lukewarm
To the angel of the church in Laodicea write: These are the words of the Amen, the faithful and true witness, the ruler of God’s creation. I know your deeds, that you are neither cold nor hot. I wish you were either one or the other! So, because you are lukewarm—neither hot nor cold—I am about to spit you out of my mouth. You say, ‘I am rich; I have acquired wealth and do not need a thing.’ But you do not realize that you are wretched, pitiful, poor, blind and naked. I counsel you to buy from me gold refined in the fire, so you can become rich; and white clothes to wear, so you can cover your shameful nakedness; and salve to put on your eyes, so you can see. Those whom I love I rebuke and discipline. So be earnest and repent. Here I am! I stand at the door and knock. If anyone hears my voice and opens the door, I will come in and eat with that person, and they with me. To the one who is victorious, I will give the right to sit with me on my throne, just as I was victorious and sat down with my Father on his throne. Whoever has ears, let them hear what the Spirit says to the churches.
-Revelation 3:14-22

The last of the seven letters is to the church in Laodicea, and they got the harshest treatment of all. Jesus typically started off a letter with some praise for what the believers were doing, or some compassion for what they were going through. Not Laodicea. He just went straight after them, comparing them to lukewarm water. Their problem was that they were neither hot water nor cold water — they were somewhere in the middle. Cold water is refreshing and revives the spirit on a hot day. Hot water is comforting and healing, relaxing the muscles after a hard day’s work. Lukewarm water is basically useless. You don’t want to drink it, and you can’t bathe in it. I suppose you could give it to the dog, but that’s about all that it is good for. The point that Jesus was making is this: We need to be useful for something in God’s kingdom.

Being Lukewarm isn’t about Passion

For a very long time, I thought that Jesus was talking about being hot or cold in our love for him. I thought that Jesus would rather we love him A LOT or be completely indifferent to him, just don’t be somewhere in between. I was taught that being lukewarm means being wishy-washy. It means coasting through life without taking God seriously. We’re supposed to be passionate for God. We’re supposed to be on fire for him. And if we’re not, then we’re the kind of Christian that Jesus despises. Our only two acceptable choices are unbeliever or passionate believer.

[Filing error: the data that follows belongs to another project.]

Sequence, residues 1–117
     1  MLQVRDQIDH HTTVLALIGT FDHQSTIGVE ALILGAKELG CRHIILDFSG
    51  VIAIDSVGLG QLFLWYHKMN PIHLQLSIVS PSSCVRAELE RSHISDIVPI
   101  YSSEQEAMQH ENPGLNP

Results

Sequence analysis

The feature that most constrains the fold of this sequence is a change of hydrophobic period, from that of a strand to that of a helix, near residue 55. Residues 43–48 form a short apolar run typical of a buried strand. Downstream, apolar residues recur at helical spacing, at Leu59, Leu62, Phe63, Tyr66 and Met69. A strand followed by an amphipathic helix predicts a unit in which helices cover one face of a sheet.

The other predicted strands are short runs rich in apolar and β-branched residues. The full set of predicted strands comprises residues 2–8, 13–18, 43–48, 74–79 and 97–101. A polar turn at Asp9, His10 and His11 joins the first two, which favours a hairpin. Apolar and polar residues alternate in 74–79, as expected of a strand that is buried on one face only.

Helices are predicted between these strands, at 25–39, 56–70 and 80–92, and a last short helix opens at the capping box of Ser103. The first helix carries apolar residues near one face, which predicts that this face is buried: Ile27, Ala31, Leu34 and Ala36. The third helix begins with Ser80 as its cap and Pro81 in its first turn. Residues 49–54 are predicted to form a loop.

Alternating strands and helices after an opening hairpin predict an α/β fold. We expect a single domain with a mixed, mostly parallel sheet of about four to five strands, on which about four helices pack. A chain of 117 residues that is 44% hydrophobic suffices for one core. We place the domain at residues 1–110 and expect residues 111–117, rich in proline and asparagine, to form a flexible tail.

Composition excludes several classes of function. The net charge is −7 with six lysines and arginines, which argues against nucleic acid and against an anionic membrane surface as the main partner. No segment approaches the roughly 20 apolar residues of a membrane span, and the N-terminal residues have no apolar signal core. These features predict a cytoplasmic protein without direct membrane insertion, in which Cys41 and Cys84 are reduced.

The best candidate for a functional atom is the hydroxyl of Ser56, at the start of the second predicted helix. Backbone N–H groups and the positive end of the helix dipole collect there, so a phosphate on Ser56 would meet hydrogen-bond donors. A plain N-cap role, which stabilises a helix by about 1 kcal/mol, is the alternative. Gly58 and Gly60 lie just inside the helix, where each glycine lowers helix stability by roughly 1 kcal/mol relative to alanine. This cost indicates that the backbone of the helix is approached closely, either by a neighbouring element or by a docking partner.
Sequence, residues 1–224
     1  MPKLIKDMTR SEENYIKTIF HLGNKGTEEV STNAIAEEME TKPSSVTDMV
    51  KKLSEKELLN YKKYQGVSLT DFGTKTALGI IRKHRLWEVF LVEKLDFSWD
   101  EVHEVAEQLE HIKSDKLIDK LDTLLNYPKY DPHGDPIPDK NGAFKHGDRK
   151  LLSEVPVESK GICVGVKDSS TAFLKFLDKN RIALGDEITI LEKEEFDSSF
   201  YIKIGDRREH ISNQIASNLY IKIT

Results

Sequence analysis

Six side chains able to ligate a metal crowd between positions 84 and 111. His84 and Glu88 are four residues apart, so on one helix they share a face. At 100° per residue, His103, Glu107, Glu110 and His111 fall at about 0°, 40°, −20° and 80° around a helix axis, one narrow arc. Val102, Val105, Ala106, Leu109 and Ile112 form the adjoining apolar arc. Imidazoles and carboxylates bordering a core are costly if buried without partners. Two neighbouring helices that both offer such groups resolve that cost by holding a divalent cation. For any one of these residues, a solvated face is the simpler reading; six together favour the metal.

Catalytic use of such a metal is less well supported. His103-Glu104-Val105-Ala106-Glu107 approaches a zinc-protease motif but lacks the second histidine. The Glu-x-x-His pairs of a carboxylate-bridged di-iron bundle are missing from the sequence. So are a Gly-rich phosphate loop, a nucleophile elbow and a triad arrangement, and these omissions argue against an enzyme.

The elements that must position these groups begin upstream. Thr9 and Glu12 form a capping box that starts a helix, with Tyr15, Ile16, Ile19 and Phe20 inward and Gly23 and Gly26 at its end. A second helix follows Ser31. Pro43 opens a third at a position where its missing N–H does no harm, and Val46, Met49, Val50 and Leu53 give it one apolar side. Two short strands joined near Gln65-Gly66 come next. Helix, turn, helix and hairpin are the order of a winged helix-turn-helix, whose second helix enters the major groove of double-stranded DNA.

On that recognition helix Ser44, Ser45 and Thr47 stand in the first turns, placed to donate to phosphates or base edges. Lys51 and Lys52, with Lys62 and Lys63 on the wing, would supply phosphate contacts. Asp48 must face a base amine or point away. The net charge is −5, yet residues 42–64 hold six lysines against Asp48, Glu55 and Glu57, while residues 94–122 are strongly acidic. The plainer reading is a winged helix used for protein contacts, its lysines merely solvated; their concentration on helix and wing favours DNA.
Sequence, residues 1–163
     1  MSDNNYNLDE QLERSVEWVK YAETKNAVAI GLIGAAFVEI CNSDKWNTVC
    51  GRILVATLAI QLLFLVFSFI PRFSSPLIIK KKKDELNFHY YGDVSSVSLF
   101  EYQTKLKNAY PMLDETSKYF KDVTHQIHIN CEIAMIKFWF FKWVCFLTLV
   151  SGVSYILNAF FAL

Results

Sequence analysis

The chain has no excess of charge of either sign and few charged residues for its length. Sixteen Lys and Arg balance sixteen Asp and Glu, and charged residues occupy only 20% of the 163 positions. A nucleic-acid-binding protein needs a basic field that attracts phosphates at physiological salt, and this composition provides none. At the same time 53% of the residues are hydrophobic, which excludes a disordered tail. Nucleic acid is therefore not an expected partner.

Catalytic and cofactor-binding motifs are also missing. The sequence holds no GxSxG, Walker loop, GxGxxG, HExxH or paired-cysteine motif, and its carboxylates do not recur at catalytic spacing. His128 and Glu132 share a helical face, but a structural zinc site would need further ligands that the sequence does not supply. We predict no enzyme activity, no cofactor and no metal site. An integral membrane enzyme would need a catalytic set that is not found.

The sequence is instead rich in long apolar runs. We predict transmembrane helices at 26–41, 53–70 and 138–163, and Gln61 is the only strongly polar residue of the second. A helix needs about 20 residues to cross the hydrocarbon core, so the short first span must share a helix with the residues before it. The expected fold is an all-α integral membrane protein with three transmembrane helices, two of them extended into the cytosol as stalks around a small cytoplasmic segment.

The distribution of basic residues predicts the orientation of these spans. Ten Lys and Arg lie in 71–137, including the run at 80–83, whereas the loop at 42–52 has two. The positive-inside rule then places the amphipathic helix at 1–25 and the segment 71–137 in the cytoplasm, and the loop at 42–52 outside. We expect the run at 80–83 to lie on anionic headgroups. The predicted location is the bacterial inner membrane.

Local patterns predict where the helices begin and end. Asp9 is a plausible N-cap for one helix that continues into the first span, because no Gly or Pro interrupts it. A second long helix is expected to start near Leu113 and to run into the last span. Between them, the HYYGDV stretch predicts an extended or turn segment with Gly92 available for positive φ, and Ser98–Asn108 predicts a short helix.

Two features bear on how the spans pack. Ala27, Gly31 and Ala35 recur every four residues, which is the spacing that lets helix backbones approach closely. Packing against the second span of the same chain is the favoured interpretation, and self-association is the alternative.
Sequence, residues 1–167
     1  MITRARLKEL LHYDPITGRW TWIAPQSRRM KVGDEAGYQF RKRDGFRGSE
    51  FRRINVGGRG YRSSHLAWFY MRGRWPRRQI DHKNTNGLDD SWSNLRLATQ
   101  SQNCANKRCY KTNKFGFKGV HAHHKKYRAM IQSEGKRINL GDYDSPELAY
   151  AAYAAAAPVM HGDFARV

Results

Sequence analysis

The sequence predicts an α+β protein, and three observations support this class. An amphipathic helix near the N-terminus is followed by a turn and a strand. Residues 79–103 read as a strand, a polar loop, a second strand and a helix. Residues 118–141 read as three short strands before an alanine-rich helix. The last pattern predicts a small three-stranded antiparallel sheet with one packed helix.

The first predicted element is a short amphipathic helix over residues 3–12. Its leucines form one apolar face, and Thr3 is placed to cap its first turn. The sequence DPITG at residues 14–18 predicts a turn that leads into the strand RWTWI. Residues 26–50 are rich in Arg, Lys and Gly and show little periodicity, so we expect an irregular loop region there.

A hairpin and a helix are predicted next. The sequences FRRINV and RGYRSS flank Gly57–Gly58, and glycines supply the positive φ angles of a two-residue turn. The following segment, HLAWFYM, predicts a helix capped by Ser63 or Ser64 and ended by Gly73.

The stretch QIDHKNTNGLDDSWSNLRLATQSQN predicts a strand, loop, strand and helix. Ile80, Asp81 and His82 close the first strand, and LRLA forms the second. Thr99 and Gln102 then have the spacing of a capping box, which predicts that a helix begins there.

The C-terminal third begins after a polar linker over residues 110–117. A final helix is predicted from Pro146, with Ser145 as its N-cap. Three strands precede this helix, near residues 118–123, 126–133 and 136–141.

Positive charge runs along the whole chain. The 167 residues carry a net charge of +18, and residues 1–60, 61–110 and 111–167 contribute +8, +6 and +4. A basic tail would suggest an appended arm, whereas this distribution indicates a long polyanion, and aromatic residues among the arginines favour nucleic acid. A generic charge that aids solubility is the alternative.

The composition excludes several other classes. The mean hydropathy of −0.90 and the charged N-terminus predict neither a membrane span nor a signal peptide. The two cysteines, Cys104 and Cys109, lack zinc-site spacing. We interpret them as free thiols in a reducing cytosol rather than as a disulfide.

But I don’t think that’s what this verse is saying. Being hot or cold isn’t about passion; it’s about purpose. I’m pretty sure that everything I was taught about this passage is wrong, and that has pretty significant implications for a lot of people who just couldn’t live up to the demand of being a passionately on-fire for Jesus 24/7. I mean, just think about the metaphor for a minute. When you want a cold drink and you drink something cold, you’re happy. When you want a hot drink and you drink something hot, you’re happy then, too. But when your drink has been sitting out for a while and it gets to room temperature, what kind of face do you make when you drink it? A contortion of disgust, right? When you want a cold Coke or a hot coffee, do you even finish the one that’s at room temperature? I’m guessing not.


Being hot or cold isn’t about passion. It’s about purpose.

Jesus isn’t secretly saying, “I wish you would be hot all the time.” He’s not putting pressure on us to live at an unsustainable level of passion all the time. What he’s saying actually cuts much deeper. He’s telling Laodicea, “I wish you were good for something.” I mean…dang.

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The Mark of the Beast

Guys. I’ve done it. I’ve solved the puzzle. Finally, after 2,000 years, because of my hard work and intellectual prowess, we can now know exactly what the mark of the beast is. Every towering genius of the past quakes before me. This mystery, which has been studied and debated by scholars of Scripture for centuries, will now finally be revealed in this blog post. By me. A genius. No. Even better: A galaxy-brained genius.